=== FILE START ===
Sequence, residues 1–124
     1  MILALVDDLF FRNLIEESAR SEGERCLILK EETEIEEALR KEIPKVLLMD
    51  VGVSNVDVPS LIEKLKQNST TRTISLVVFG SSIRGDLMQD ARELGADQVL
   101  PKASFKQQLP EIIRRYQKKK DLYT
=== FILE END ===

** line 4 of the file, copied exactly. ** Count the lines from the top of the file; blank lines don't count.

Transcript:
   101  PKASFKQQLP EIIRRYQKKK DLYT